## Low-power pose

“The samples were collected in privacy, using passive drool procedures, and frozen immediately.” Anna Dreber sends along a paper, “Assessing the Robustness of Power Posing: No Effect on Hormones and Risk Tolerance in a Large Sample of Men and Women,” which she published in Psychological Science with coauthors Eva Ranehill, Magnus Johannesson, Susanne Leiberg, Sunhae […]

## What was the worst statistical communication experience you’ve ever had?

In one of the jitts for our statistical communication class we asked, “What was the worst statistical communication experience you’ve ever had?” And here were the responses (which I’m sharing with permission from the students): Not sure if this counts, but I used to work with a public health researcher who published a journal article […]

## “I do not agree with the view that being convinced an effect is real relieves a researcher from statistically testing it.”

Florian Wickelmaier writes: I’m writing to tell you about my experiences with another instance of “the difference between significant and not significant.” In a lab course, I came across a paper by Costa et al. [Cognition 130 (2) (2014) 236-254 (http://dx.doi.org/10.1016/j.cognition.2013.11.010). In several experiments, they compare the effects in two two-by-two tables by comparing the […]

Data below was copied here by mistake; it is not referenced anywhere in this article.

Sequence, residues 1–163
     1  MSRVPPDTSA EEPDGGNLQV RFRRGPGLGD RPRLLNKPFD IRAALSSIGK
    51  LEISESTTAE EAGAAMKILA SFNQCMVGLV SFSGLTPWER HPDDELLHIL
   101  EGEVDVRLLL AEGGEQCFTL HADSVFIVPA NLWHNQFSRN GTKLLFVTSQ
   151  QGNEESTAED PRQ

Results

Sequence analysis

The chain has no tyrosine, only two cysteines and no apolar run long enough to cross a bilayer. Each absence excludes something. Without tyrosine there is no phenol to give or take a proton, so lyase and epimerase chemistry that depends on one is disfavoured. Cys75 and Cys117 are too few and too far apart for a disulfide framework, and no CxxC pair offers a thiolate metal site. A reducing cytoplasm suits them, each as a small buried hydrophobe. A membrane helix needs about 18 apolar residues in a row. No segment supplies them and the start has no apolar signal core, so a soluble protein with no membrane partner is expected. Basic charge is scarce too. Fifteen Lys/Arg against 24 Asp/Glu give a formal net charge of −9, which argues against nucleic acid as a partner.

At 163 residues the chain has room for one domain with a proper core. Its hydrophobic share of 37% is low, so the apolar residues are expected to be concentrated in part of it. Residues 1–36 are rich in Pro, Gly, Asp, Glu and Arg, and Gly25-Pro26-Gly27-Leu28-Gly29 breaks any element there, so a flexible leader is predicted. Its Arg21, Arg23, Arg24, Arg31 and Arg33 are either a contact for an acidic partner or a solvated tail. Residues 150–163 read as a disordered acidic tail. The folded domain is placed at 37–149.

## “The frequentist case against the significance test”

Richard Morey writes: I suspect that like me, many people didn’t get a whole lot of detail about Neyman’s objections to the significance test in their statistical education besides “Neyman thought power is important”. Given the recent debate about significance testing, I have gone back to Neyman’s papers and tried to summarize, for the modern […]

## Unreplicable

Leonid Schneider writes: I am cell biologist turned science journalist after 13 years in academia. Despite my many years experience as scientist, I shamefully admit to be largely incompetent in statistics. My request to you is as follows: A soon to be published psychology study set on to reproduce 100 randomly picked earlier studies and […]

## Yes.

Reflecting on the recent psychology replication study (see also here), journalist Megan McArdle writes an excellent column on why we fall for bogus research: The problem is not individual research papers, or even the field of psychology. It’s the way that academic culture filters papers, and the way that the larger society gets their results. […]

## P-values and statistical practice

What is a p-value in practice? The p-value is a measure of discrepancy of the fit of a model or “null hypothesis” H to data y. In theory the p-value is a continuous measure of evidence, but in practice it is typically trichotomized approximately into strong evidence, weak evidence, and no evidence (these can also […]

## To understand the replication crisis, imagine a world in which everything was published.

John Snow points me to this post by psychology researcher Lisa Feldman Barrett who reacted to the recent news on the non-replication of many psychology studies with a contrarian, upbeat take, entitled “Psychology Is Not in Crisis.” Here’s Barrett: An initiative called the Reproducibility Project at the University of Virginia recently reran 100 psychology experiments […]